alibi online
Free Will AstrologyAlibi's Personals
 
 V.21 No.20 | May 17 - 23, 2012 

Film Review

Coriolanus

Ralph Fiennes takes Shakespeare’s most obscure tragedy and adds a lot of firepower

“Welcome to the Col. Kurtz Crazy Ex-Military Guy Training Camp. Step one: Shave your head.”
“Welcome to the Col. Kurtz Crazy Ex-Military Guy Training Camp. Step one: Shave your head.”

Coriolanus

Directed by Ralph Fiennes

Cast: Ralph Fiennes, Gerard Butler, Vanessa Redgrave

I’m not sure there was ever anything edgy or avant-garde about staging a Shakespeare play in modern day. Even if there was at one time, we can probably agree that’s no longer the case. In fact, setting Macbeth in postapocalyptic Detroit or Romeo and Juliet in whatever era you find stuffed in the community theater’s prop closet is so commonplace now that seeing a Shakespeare play in full 16th century regalia is becoming the rarity.

So, on the surface of the thing, actor Ralph Fiennes gets no bonus points for giving a modern, men-with-guns military slant to his Shakespeare-derived directorial debut. He does, however, get a bit of extra credit for choosing what is arguably Shakespeare’s most obscure play, the militant revenge saga Coriolanus.

“Would you like to spoon?”
“Would you like to spoon?”

Bald and badass, Fiennes stars as Caius Martius, a celebrated general in 5th century B.C. Rome who acquires the cognomen (sort of an ancient Roman nickname) Coriolanus after his sound defeat of the rebellious Volscian commander Tullus Aufidius at the city of Corioles. (I’m guessing that sentence alone was enough to lose two-thirds of our readers.) Stripped of his troops by strong resistance, our man Caius refused to accept defeat. Instead, he went full-tilt Rambo, gunning down dozens of enemy soldiers, painting himself in the blood of the enemy and then engaging in a mano-a-mano knife fight with Aufidius himself (played with commensurate manliness by Gerard Butler). It’s a testosterone-heavy display, one that elevates him to hero status back home in Rome.

Naturally, people start talking about what a great consul this Coriolanus guy would make. Backed by his powerful patrician mother and a couple of opportunistic politicians, the war hero is poised to become Rome’s next great ruler.

All Shakespearian heroes must, by definition, come with a tragic flaw, however. Coriolanus’ seems to be that he’s a blustery jerk. He’s not interested in pumping up his role as a war heronot because he’s humble, exactly. Mostly, he just doesn’t give a crap about the common people. He has little in common with the politicians who run Rome and even less with the plebeians on the street. He’s brusque, short-tempered and pathologically incapable of kissing assa necessary skill for any would-be leader. Coriolanus is a soldier, a weapon that needs to be pointed at an enemy. Without a war to fight, he’s useless. It isn’t long before the fickle people of Rome are bored with their hero, and Coriolanus’ political allies turn against him for their own gain. Pissed off and pumped up, Coriolanus cooks up a nasty revenge plot against all of Rome and goes looking for his old enemy Aufidius. Trust me, this ain’t gonna end well.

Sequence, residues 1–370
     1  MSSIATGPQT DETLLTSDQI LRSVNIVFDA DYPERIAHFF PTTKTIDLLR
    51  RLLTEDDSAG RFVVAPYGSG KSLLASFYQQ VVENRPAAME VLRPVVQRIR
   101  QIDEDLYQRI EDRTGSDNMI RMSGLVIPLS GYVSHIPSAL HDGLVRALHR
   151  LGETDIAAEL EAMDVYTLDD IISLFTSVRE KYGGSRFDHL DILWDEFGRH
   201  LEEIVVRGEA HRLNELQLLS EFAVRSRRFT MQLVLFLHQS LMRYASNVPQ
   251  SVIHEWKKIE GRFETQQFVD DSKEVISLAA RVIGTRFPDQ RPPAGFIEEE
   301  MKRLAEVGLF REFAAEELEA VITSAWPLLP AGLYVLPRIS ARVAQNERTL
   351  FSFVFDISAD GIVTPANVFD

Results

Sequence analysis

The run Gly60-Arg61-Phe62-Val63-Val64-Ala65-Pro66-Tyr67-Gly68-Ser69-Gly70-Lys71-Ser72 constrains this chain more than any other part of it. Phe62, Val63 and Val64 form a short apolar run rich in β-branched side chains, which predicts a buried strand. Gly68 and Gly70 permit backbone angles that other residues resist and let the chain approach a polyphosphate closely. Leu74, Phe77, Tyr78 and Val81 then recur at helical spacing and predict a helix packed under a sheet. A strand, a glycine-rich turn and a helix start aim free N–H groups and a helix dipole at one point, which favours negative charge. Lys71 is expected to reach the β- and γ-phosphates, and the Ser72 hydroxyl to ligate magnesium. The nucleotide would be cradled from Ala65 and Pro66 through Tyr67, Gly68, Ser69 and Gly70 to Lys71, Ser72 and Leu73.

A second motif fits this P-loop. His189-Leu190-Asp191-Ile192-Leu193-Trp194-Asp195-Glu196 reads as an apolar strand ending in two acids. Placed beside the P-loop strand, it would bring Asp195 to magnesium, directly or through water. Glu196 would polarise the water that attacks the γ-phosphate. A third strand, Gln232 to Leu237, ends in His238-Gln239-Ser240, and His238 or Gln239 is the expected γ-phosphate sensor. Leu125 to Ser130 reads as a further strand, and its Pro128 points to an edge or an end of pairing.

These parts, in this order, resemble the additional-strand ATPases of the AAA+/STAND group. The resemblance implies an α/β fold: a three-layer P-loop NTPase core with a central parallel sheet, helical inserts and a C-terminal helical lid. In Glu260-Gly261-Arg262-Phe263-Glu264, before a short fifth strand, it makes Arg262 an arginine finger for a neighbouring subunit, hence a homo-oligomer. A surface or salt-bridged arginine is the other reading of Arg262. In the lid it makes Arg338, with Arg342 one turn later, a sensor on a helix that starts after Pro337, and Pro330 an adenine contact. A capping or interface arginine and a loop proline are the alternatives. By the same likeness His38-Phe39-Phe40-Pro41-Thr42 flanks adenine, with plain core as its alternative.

If you aren’t already well-versed in Shakespearian language, you probably shouldn’t bother with Coriolanus. While the costumes, the props and the Hurt Locker-style camerawork pay lip service to the modern setting, Willy’s dialogue remains unaltered. Unlike Baz Luhrmann’s Romeo + Juliet, the language isn’t even inflected for modern audiences. Despite the fact that screenwriter John Logan (The Last Samurai, Gladiator, The Aviator, Hugo) trims Shakespeare’s original text to the bare bones to incorporate more high-caliber gunplay and bloodletting, the man of the hour, Mr. Ralph Fiennes, remains an iambic pentameter purist. In his popular 1996 adaptation, Luhrmann used the modern setting to make cheeky jokes. (When characters talked about using swords when they were clearly holding guns, it was OKbecause “Sword” was the brand name stamped on the weapons.) Here, dense, florid prose is mixed incongruously with a violent, explosive-filled action flick. The mix is an uneasy one.